A group of students at Florida A&M University were arrested and jailed for protesting segregation in public theaters. The following day, Harriet Adderley and other students gathered outside the service entrance of the jailhouse to protest the arrests.
A sheriff’s deputy warned the protesters that they would be arrested unless they dispersed. The protesters refused. Adderley and other protesters who remained were arrested for trespassing. After the convictions were upheld on appeal at the state level, Adderley and the other defendants petitioned the United States Supreme Court for review.
The Supreme Court granted certiorari to determine whether the convictions violated the protesters’ rights of free speech, assembly, petition, due process, and equal protection under the Fourteenth Amendment. A divided Court ultimately affirmed the convictions on the ground that state governments had the right to control state property for their own lawful, nondiscriminatory uses, much like private landowners.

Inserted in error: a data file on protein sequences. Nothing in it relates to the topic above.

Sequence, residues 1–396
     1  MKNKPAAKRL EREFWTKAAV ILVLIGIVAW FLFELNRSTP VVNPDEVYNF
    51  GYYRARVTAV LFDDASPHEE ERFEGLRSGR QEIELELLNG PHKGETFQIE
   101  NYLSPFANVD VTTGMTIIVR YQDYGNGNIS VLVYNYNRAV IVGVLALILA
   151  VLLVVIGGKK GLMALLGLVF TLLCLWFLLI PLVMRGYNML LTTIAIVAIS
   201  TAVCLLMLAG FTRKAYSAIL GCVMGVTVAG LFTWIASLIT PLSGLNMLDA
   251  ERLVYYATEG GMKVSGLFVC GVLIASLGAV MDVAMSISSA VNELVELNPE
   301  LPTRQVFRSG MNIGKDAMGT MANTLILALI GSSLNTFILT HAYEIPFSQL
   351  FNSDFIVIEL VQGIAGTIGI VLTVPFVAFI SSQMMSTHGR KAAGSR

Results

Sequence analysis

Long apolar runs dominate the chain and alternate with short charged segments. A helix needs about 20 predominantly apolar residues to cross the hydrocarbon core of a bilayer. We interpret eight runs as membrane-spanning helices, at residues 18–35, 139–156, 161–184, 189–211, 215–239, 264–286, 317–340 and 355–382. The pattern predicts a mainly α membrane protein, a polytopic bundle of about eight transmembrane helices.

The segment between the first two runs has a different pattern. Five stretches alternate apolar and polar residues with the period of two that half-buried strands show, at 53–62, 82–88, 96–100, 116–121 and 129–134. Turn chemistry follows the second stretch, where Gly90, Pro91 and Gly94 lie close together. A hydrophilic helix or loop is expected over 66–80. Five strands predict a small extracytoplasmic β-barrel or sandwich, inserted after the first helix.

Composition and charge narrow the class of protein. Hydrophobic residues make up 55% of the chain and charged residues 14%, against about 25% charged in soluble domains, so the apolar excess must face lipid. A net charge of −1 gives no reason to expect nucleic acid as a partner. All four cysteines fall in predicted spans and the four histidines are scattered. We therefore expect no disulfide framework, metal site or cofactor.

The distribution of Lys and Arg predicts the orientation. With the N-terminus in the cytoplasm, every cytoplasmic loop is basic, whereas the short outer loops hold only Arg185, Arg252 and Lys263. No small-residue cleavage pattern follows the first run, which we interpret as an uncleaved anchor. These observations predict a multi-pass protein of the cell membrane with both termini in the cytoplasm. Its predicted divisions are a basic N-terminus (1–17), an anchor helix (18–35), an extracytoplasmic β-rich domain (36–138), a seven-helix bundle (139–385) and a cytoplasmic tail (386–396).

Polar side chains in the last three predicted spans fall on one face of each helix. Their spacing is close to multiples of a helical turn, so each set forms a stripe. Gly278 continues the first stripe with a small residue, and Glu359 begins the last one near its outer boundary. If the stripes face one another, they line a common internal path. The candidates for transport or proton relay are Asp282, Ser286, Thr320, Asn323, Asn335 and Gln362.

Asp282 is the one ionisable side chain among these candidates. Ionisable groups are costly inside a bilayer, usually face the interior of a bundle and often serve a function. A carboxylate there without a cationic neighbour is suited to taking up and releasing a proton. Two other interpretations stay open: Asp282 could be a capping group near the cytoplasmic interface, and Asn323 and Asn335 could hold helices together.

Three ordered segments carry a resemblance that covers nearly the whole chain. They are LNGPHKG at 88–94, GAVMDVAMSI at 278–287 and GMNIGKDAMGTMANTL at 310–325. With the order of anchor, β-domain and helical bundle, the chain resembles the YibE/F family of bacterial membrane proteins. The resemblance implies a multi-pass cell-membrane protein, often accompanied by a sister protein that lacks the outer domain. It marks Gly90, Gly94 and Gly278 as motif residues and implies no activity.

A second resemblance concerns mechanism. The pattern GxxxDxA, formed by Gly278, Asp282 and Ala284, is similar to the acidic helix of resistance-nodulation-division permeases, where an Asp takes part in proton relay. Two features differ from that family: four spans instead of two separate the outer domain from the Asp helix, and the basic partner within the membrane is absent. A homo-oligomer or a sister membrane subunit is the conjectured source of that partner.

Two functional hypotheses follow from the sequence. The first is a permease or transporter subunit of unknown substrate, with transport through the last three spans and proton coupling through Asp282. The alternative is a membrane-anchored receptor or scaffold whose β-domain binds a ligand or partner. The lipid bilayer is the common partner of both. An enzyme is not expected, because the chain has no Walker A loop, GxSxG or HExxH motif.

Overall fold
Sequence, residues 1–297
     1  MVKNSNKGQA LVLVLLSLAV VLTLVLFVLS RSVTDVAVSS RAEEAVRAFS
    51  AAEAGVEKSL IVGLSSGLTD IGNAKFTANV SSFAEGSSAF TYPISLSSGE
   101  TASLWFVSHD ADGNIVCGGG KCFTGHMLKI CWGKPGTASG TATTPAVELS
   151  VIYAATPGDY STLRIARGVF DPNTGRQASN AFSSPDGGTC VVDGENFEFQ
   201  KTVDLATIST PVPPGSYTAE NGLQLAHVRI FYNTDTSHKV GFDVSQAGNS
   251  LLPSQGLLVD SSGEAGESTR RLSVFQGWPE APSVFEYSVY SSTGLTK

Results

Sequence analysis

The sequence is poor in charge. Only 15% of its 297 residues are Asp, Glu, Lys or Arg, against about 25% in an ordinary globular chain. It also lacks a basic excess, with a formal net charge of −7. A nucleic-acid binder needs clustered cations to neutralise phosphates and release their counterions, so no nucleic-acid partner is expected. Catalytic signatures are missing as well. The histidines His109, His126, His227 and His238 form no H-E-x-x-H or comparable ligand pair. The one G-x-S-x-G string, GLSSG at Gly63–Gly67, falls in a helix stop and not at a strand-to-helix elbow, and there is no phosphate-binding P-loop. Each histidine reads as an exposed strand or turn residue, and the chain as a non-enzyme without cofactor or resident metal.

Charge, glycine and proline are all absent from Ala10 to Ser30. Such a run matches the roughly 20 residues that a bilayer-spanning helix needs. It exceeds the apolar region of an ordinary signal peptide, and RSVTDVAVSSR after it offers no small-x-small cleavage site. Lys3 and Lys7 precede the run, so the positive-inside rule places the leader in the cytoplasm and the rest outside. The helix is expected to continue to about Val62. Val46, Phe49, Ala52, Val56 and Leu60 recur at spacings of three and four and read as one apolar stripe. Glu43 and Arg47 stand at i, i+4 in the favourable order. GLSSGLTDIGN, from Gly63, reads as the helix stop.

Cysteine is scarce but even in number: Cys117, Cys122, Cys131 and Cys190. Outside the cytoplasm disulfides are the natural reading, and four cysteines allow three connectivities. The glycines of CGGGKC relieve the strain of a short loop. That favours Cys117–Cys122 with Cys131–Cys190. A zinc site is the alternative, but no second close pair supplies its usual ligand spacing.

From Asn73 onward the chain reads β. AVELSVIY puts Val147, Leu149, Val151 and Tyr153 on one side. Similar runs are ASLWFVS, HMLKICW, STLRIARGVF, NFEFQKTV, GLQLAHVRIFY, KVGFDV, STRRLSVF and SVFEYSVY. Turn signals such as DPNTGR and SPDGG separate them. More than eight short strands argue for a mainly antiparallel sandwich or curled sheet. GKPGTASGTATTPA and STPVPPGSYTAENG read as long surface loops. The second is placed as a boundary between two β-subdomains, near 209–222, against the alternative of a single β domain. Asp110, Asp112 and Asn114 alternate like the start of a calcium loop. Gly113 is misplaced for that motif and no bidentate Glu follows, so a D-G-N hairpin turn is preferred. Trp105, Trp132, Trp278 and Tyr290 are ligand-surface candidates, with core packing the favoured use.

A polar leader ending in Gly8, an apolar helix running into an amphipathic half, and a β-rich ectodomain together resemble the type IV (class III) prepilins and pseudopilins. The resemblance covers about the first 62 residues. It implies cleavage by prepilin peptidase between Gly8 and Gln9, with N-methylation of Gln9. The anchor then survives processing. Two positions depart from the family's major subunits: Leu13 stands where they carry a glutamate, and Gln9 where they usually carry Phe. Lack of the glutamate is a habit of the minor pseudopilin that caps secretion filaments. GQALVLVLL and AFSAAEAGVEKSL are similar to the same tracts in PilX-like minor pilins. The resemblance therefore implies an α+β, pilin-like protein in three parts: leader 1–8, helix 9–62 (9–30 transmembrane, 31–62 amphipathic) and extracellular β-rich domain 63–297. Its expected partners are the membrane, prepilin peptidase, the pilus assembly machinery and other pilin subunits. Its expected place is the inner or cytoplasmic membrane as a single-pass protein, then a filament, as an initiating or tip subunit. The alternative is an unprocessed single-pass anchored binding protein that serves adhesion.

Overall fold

Thus, the Court affirmed Florida’s right to enforce its trespass statute against the protesters, so long as it did so in an evenhanded way. Nevertheless, Justice Douglas dissented strongly to argue that trespass laws should not be used to curtail the ancient and historic right to protest on public property outside centers of government, like courthouses, statehouses, and jailhouses.
Adderley v. Florida, 385 U.S. 39 (1966), remains a key precedent on the permissible limitations of expressive activity on public property.
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